EU might reject British government's soft border proposals, Simon Coveney warns
Theresa May's plan to ensure the continuation of a soft border between Northern Ireland and the Republic could be rejected by the European Union, Tanaiste Simon Coveney has suggested.
The British Prime Minister has committed to leaving the EU customs union which guarantees tariff-free trade, but insists a hard border can be avoided through technological solutions and placing no new restrictions on the 80% of cross-frontier trade carried out by smaller businesses.
But Tanaiste Simon Coveney told BBC One's The Andrew Marr Show he was "not sure that the European Union will be able to support" the plan, as it would be worried about protecting the integrity of the single market.
"While of course we will explore and look at all of the proposed British solutions, they are essentially a starting point in negotiations as opposed to an end point," he said.
Mr Coveney said if agreement cannot be reached during tri-partite talks between the UK, Ireland and the European Commission, the backstop plan of full British alignment with customs union and single market rules that Mrs May "committed clearly" to in December would have to be put in place.
In a major speech on Friday, Mrs May rejected "unacceptable" EU proposals to retain customs union arrangements in Northern Ireland, but accepted the UK's "responsibility" to help maintain a soft border with the Republic - spelling out in detail how she believed this could be achieved by technological means or through a broader trade agreement.
But Mr Coveney said: "This isn't a question of either side wanting to put up borders, but if you have to protect a functioning single market, just the same way Britain wants to protect its own single market, well then you have to understand that if goods move from one customs union to another then there needs to be some checks unless there is some mechanism that is negotiated and put in place that prevents that."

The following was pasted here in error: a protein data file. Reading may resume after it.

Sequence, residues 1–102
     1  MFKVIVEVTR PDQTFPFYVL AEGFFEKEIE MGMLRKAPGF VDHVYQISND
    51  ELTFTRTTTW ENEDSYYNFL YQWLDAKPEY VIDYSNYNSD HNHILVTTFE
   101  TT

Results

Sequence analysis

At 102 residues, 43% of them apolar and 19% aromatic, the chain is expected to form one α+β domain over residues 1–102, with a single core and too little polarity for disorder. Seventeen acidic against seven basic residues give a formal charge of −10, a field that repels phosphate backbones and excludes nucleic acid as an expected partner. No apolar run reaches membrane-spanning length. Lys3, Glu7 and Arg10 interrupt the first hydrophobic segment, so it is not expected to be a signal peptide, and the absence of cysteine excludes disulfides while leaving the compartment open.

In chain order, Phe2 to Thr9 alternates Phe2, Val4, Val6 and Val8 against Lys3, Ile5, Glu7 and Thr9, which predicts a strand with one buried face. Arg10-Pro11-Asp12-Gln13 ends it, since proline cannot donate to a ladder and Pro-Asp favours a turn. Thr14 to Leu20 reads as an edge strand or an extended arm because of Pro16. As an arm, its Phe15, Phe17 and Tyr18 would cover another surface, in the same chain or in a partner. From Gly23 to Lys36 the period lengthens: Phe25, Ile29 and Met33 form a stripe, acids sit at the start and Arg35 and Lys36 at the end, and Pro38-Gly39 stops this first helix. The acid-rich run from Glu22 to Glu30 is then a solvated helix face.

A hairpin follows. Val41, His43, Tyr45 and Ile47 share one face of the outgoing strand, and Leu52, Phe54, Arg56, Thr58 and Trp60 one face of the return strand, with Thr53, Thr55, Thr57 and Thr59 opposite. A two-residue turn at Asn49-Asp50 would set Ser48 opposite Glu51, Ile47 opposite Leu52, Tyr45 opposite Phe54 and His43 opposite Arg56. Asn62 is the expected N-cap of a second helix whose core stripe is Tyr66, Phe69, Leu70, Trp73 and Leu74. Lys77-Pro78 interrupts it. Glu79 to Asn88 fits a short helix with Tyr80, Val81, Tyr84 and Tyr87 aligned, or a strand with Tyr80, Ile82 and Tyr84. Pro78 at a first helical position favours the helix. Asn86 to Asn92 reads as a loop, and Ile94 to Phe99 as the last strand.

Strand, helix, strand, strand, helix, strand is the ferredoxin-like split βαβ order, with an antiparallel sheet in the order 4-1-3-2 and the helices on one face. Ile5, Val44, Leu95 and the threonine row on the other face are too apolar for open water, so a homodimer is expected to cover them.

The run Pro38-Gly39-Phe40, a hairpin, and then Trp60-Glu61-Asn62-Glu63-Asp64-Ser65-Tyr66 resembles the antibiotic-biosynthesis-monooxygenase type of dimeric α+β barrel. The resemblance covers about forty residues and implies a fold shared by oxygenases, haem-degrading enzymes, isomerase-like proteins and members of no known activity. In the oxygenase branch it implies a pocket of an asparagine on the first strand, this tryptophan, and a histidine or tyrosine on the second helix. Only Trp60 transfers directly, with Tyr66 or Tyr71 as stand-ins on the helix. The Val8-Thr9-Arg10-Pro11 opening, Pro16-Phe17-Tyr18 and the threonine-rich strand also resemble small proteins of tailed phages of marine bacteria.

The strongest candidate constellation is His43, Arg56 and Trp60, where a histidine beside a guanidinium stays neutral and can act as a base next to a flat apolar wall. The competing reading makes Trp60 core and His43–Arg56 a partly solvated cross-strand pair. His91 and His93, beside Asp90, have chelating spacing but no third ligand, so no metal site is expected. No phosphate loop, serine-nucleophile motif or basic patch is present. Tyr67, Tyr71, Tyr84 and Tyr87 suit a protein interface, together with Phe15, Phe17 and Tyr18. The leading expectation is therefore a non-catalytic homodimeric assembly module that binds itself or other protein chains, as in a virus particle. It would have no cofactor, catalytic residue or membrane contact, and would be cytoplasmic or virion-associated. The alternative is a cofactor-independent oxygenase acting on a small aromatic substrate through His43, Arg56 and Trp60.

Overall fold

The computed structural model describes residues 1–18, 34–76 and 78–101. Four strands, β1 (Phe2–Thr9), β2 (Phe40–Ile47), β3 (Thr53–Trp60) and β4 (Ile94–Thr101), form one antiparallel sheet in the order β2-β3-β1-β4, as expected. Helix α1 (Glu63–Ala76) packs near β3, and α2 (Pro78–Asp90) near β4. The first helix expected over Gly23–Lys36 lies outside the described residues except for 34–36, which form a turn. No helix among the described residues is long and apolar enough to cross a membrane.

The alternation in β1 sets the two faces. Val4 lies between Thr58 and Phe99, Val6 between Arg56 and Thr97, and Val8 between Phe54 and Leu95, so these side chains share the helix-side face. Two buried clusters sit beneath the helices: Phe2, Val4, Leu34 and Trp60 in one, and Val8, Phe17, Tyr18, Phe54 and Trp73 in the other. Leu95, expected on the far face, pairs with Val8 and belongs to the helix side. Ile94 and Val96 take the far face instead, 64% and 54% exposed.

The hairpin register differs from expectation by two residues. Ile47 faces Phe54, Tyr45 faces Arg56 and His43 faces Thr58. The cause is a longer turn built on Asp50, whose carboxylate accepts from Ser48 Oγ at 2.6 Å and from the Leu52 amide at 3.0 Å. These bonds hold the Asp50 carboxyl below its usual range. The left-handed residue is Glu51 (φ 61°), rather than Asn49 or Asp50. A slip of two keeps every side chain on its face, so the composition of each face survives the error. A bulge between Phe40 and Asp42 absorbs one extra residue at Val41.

Mrs May said she was pleased that Taoiseach Leo Varadkar had agreed to form the three-way talks to look at her proposals.
And she declined to defend Boris Johnson's comparison of the border to crossing between London congestion zones in Camden and Islington, but insisted both of them are "absolutely clear" that there will not be a hard border.
"We've got proposals as to how we're going to achieve that, now we're going to be able to sit down and talk with others about how we're going to do that," Mrs May told Marr.
It comes after Downing Street and Mr Johnson denied reports that Mrs May's chief of staff Gavin Barwell was behind a leak of a memo from the Foreign Secretary in which he said the Government should focus on stopping the Irish border becoming "significantly" harder, reigniting a row over the issue.
Meanwhile, Labour former cabinet minister Lord Mandelson dismissed Mrs May's Brexit plan.
He told Marr: "What Theresa May is doing is trying to dance on the head of a pin that simply doesn't exist."
He added: "It will be painful for the country as a result."